|Arrested Development: Season Two (2004)
Starring: Jason Bateman, Jeffrey Tambor, Potia de Rossi, Will Arnett, Michael Cera, Alia Shawkat, Tony Hale, David Cross, Jessica Walter
It’s pretty much standard practice to expect network doofus Fox to cancel all of its quality programming before they even get a chance to find a niche audience, but not every series that gets the axe is necessarily a shining nugget of excellence (i.e. the recently canned “Head Cases”). That being said, the critically-acclaimed comedy series “Arrested Development” is an even more interesting case study of Fox’s bewildering scheduling decisions. Just barely avoiding cancellation at the end of last year’s second season, despite the series’ unanimous praise, “Arrested Development” has remained the most original half-hour of television since the debut of “Seinfeld.” Dodging Fox’s erratic swinging axe didn’t come without its consequences either. The second season work order was cut from twenty-two to eighteen episodes, as if to say “You might be the entertainment world’s network television darling, but if you don’t make us money, we could care less.”
Fortunately, series creator Mitchell Hurwitz and his team of brilliant writers paid little attention to the demands of the network, and instead embarked on a second season that’s even zanier than the first. The Bluth family business is still in turmoil, with middle child Michael (Jason Bateman) doing everything in his power to keep it afloat, while his older brother Gob (Will Arnett) continues to get in his way. Meanwhile, Lindsay (Portia de Rossi) and Tobias (David Cross) agree to take a break from the married life, just as Lucille (Jessica Walter) rekindles an old relationship with Oscar (Jeffrey Tambor), the hippie twin brother of her jailed husband, George Sr. (also played by Tambor). George Sr., coincidentally, knows about the affair because he’s currently hiding from the government in Michael’s attic.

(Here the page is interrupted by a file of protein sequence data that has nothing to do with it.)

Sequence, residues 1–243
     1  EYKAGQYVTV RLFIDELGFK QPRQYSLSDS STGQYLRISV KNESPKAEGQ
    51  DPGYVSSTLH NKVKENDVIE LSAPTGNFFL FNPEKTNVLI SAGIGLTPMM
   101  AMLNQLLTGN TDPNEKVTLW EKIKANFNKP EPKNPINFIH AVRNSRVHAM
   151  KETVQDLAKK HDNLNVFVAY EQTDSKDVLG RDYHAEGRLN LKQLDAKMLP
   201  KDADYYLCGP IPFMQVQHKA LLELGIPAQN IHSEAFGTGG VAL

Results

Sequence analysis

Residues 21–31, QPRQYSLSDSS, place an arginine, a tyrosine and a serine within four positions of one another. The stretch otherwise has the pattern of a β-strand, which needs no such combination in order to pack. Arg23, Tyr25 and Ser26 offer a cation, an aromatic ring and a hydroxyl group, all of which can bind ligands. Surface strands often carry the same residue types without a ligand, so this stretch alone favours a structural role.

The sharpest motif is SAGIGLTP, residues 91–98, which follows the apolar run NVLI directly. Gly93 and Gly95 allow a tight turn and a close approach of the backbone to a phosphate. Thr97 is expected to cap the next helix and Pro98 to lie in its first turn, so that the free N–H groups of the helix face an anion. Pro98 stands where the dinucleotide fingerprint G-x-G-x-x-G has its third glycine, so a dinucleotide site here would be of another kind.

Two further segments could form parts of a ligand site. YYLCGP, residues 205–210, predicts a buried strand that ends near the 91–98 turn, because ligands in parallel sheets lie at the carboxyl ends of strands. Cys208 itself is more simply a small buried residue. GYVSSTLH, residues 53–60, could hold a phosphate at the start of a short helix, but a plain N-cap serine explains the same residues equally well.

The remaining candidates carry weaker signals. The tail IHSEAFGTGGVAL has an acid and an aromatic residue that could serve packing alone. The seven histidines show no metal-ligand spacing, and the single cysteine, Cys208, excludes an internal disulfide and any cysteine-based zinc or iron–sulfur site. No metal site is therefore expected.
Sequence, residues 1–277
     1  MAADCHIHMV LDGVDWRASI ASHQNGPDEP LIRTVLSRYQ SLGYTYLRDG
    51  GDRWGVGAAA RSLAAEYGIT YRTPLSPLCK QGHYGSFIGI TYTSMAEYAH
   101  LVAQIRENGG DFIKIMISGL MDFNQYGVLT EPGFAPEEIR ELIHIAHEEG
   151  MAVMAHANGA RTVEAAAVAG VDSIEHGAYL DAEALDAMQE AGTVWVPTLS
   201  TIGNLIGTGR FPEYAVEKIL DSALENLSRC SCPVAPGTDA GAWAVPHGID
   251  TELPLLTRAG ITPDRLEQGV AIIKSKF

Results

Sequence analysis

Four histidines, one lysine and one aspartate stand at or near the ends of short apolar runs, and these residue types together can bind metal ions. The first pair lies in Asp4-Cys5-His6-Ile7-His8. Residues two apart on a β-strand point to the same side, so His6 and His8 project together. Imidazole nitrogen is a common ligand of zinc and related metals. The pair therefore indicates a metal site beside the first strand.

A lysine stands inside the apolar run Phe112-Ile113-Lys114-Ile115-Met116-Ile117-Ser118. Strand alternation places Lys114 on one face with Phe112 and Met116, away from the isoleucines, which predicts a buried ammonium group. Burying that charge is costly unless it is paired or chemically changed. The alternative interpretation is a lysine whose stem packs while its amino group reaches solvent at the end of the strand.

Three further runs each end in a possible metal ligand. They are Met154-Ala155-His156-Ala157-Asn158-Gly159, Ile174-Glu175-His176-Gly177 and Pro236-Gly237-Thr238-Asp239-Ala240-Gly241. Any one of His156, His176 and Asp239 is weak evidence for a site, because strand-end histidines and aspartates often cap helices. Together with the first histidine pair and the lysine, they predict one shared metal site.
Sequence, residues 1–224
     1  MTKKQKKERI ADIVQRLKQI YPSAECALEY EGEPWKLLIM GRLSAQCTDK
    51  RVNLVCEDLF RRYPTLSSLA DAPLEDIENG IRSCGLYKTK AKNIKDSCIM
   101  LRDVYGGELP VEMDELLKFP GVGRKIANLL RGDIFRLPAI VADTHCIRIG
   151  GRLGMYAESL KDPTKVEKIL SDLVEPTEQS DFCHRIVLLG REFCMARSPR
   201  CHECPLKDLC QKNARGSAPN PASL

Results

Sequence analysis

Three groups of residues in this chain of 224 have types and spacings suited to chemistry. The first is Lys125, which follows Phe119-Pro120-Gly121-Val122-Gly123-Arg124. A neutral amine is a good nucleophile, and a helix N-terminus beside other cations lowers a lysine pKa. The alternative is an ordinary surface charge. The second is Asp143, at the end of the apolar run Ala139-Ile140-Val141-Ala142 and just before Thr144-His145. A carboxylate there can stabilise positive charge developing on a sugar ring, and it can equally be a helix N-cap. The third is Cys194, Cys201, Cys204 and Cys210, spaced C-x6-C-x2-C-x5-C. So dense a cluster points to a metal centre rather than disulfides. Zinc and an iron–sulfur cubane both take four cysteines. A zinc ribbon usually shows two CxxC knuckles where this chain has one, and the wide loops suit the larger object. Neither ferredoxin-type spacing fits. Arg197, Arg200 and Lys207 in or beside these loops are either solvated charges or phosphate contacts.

Also adding to the family hijinks is mamma’s boy Buster (Tony Hale), who enrolls in the Army only to have his hand bitten off by a seal, and Michael’s own son, Michael Jr. (Michael Cera), a troubled teen who’s coping with the idea of being in love with his cousin Maeby (Alia Shawkat), while Maeby herself feels the same way. In an attempt to avoid spending time together, Michael Jr. begins to date Ann (Mae Whitman) - a girl his father would much rather him not be with – and Maeby somehow shams her way into a career as a powerful movie producer.
The show isn’t without its cast of hilarious cameo performances either, again led by Henry Winkler as the family lawyer and Liza Minnelli as Lucille’s social adversary. Also making cameo appearances throughout the season are Julia Louis-Dreyfus and Christine Taylor (as two of Michael’s short-lived love interests), Ben Stiller (as a rival magician), and Zach Braff, though while many of these actors certainly add to the comedic allure of the show, it’s the sharp and courageous writing that makes “Arrested Development” so unique. The entire cast deliver award-worthy performances (with a few of them actually nabbing nominations they so greatly deserved), but Jason Bateman and Will Arnett are still stand-outs in my mind, while the young Michael Cera has continued to prove that he’s just as good as the big boys.
The DVD release of the second season is given equal treatment from the series’ last foray onto disc, with all 18 episodes evenly divided onto three separate discs and presented in 1.78:1 widescreen (one of the only shows to do so) and a Dolby Surround soundtrack. Perhaps the most enjoyable special features on the three-disc box set are the cast commentaries for the following episodes: “Good Grief” (disc one), “Ready, Aim, Fire Me!” (disc two), and “The Righteous Brothers” (disc three). A majority of the cast appears on all three audio tracks - which our absolutely hilarious to listen to - but Jason Bateman, sadly, does not; he must have been off filming a small role for the latest Frat Pack movie. Also included on all three discs are a series of deleted/extended scenes by episode, a three-minute season one recap (disc one), and an eight-minute blooper reel (disc three) that includes David Cross ranting about the show’s shitty marketing team for not being able to correctly promote a series with copious awards.
Okay, so the extras featured on the season two box set aren’t nearly as plentiful as the ones that appear on the first season, but can you really blame anyone but Fox? They more than likely didn’t want to waste money producing a handful of special features for a DVD they didn’t expect to sell well, so why bother, right? That seems to be their method of approach with this show, anyways. What’s easily one of the best comedies on television, “Arrested Development” has time and again proven to be one of the most creative, no-holds-barred shows ever created, and yet the average couch potato refuses to give anything that doesn’t consistently make sense a standing chance in their weekly line-up. But every year, millions of viewers complain about how there’s nothing new on television worth checking out, when the answer is sitting right in front of them; or rather, on Fox, on Monday nights.